The wafer is polished on the substrate side to a thickness of about 100 μm. Then Sn-Ni and Au are deposited and annealed to form the n-side electrical contact. The annealing temperature for the n-side for minimum electrical resistance was chosen to be 400° C.
The next step in the process is that of forming a striped geometry in the laser structure shown in FIG. 1. FIG. 2 shows the application of laser beam 100 from laser source 10. The laser beam is focused by lens system 15 to a spot size of about 1 micron in diameter. We use the 1.06 micron radiation from a Q-switched Nd:YAG laser, which radiation is highly absorbing in Ga0.171 In0.829 As0.373 P0.627. We note that caution must be exercised in that the laser beam be applied only in a volume that is typically less than 10-8 cm3. This is required so that the vapor pressure generated in this volume does not shatter the diode structure.
During the application of the laser radiation, the heat generated in n-Ga0.171 In0.829 As0.373 P0.627 layer 5 is sufficient to cause rapid diffusion of p-dopant from the two neighboring p-doped layers, 4 and 6, into layer 5 and to convert it into p-type. When the laser beam is scanned across the laser structure, we have a forward p-n junction for laser action, whereas outside the stripe the structure is n-n-p-n-p+, which structure is not conductive. We use one dose of 60 nanosecond, 2 J/cm2 laser pulse at each volume along the stripe. Since the diffusion constant of Zn or Cd in a GaAs melt is larger than that of P in Si, the p-dopant in the p+ cap layer 6 and that in the p-doped layer 4 spreads into the n-doped layer 5 at a distance corresponding to 3 microns. This is more than sufficient to convert n-doped layer 5 into a p type.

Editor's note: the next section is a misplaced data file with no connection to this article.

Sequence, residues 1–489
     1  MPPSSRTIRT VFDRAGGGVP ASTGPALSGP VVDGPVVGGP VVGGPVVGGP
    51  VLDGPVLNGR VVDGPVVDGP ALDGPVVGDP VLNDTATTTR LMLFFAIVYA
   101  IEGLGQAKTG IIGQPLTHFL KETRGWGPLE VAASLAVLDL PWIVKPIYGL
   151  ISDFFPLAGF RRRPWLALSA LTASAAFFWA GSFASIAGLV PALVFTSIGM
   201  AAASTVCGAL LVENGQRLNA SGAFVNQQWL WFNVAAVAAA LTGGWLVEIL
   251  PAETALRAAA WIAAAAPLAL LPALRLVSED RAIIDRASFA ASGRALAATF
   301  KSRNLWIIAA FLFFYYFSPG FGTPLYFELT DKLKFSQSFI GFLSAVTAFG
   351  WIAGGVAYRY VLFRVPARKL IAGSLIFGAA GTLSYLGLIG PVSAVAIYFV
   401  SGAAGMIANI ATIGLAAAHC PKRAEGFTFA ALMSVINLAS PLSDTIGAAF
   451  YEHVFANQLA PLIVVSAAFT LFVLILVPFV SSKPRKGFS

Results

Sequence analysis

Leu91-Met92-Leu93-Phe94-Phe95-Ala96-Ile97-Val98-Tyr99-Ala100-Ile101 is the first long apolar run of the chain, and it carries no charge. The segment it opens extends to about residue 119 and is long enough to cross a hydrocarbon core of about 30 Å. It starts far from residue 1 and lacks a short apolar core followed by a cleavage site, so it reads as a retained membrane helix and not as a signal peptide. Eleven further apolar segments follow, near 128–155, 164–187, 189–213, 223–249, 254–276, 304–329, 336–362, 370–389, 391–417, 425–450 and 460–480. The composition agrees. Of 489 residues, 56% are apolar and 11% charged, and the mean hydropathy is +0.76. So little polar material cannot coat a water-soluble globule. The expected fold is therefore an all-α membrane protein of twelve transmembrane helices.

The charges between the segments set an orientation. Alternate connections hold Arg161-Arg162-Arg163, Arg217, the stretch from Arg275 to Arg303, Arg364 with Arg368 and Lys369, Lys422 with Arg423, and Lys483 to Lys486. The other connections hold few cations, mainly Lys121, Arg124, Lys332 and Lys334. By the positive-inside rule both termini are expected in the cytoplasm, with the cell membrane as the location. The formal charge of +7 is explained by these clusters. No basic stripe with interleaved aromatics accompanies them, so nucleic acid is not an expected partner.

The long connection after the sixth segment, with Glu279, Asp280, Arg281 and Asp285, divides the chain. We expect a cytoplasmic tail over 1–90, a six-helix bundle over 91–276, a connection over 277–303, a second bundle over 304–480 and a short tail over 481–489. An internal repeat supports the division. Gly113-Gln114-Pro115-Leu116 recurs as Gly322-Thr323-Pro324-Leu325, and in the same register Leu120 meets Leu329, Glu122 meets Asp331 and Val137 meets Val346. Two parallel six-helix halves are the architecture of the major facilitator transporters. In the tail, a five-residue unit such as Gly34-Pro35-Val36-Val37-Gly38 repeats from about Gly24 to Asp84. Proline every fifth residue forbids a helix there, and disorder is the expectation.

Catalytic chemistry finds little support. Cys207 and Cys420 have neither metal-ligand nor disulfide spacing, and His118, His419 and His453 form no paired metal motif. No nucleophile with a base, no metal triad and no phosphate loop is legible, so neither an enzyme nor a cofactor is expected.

It is understood that in order that the optical energy be absorbed by layer 5, the bandgap wavelength of layer 5 must be larger than the wavelength of the laser. The bandgap wavelengths, λg, of In1-x Gax Asy P1-y alloy compounds which are lattice-matched to InP have been measured. They are:
______________________________________x y λg (in microns)______________________________________0.000 0.000 0.9200.083 0.155 1.0050.171 0.373 1.1250.226 0.472 1.1760.250 0.531 1.2250.275 0.585 1.2750.300 0.636 1.2980.305 0.658 1.3430.358 0.790 1.4520.406 0.880 1.5130.475 1.000 1.650______________________________________
The bandgap wavelength may also be computed from the following formula:
λg (in microns)=1.24/(1.35-0.72y+0.12y2).